Will Trump Give Public Lands to Big Energy?

August 17, 2017

A major goal of the current US leadership is to destroy the very idea that any government, any people, any law, can presume to curb or regulate the naked power of wealthy corporations to do with any land, any place, or any people as they wish.

One step in that process is to undermine Teddy Roosevelt’s vision, that Nature has blessed America, and the world, with a natural heritage that must forever be protected from predations of greed.

It is also vandalism wantonly to destroy or to permit the destruction of what is beautiful in nature, whether it be a cliff, a forest, or a species of mammal or bird. Here in the United States we turn our rivers and streams into sewers and dumping-grounds, we pollute the air, we destroy forests, and exterminate fishes, birds and mammals — not to speak of vulgarizing charming landscapes with hideous advertisements. But at last it looks as if our people were awakening.”

New York Times:

No president has ever abolished a national monument designated by a predecessor. President Trump may try to change that.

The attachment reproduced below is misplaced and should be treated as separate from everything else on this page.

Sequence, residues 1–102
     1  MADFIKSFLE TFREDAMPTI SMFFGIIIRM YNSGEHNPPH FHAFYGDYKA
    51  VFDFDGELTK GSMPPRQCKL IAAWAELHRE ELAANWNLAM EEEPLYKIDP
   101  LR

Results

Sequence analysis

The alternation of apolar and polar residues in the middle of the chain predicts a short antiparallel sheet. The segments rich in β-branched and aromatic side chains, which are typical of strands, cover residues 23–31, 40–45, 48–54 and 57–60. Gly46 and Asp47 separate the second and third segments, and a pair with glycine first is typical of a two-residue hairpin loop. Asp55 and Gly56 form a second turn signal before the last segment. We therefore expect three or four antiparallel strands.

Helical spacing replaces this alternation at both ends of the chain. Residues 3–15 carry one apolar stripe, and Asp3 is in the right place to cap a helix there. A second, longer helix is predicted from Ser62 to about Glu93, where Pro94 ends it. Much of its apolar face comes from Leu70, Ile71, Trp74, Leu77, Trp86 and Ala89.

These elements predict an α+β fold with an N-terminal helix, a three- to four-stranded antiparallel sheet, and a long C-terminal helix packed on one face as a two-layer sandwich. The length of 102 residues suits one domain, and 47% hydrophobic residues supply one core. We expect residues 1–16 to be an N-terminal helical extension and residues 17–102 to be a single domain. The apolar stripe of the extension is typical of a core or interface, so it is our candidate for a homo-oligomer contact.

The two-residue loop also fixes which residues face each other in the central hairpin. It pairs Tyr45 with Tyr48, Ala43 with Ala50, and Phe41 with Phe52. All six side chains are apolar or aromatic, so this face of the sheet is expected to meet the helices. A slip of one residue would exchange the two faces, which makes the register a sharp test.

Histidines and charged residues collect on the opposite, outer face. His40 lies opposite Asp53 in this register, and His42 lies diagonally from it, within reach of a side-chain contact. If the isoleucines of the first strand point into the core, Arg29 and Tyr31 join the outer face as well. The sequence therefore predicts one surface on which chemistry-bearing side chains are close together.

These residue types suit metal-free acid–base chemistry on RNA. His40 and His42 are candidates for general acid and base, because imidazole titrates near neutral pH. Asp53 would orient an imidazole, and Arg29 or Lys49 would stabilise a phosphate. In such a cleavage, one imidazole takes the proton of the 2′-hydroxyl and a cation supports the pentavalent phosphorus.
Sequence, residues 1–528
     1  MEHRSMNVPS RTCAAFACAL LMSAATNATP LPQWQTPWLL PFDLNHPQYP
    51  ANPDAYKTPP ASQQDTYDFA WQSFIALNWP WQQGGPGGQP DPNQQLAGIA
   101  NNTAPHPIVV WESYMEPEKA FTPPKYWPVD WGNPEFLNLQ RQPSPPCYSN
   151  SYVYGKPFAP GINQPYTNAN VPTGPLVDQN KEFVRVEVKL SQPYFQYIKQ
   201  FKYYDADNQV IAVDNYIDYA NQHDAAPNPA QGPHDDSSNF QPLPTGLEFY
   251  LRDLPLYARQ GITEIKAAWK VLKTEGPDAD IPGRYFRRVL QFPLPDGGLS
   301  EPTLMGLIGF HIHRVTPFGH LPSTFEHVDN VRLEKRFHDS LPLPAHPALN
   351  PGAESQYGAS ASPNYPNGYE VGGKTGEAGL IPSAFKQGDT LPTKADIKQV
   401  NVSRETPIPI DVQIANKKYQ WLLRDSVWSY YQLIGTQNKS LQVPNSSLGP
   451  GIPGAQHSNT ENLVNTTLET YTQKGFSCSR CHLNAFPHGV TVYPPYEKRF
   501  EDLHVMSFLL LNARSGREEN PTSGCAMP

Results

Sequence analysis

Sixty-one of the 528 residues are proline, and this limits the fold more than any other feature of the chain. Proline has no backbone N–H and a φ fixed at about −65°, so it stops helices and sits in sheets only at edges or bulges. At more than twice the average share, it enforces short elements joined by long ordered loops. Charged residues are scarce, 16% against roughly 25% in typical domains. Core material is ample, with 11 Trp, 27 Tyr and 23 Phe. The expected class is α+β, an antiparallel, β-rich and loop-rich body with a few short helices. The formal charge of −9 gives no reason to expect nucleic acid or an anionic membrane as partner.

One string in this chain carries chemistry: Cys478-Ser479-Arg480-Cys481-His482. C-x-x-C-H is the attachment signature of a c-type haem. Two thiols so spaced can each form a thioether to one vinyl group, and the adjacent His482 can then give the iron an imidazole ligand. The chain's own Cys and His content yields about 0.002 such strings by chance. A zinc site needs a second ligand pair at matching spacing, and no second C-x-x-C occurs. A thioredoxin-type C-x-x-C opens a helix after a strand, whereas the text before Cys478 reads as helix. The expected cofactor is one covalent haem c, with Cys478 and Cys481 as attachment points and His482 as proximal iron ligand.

Ryan Zinke, the secretary of the interior, is reviewing 27 national monuments to determine if previous administrations exceeded their authority in setting aside craggy vistas, ancient cliff dwellings and other large tracts of land for protection. He is expected to recommend that some be scaled back, or perhaps eliminated entirely and transferred to state ownership.

Democrats and environmental activists see the review as part of a broad effort within the Trump administration to unravel the conservation legacy of President Barack Obama, who under the 1906 Antiquities Act put more land and water under federal protection than any other president. Yet Mr. Zinke’s study, due by Aug. 24, stretches back 21 years to include other national monuments that remain a source of acrimony, particularly in the West.

Bears Ears National Monument -1.35 million acres | Designated by Barack Obama, 2016

Hailed by environmentalists and Native American groups, pilloried by conservatives and many local residents, Bears Ears National Monument has become the poster child for the fight over Mr. Obama’s preservation agenda.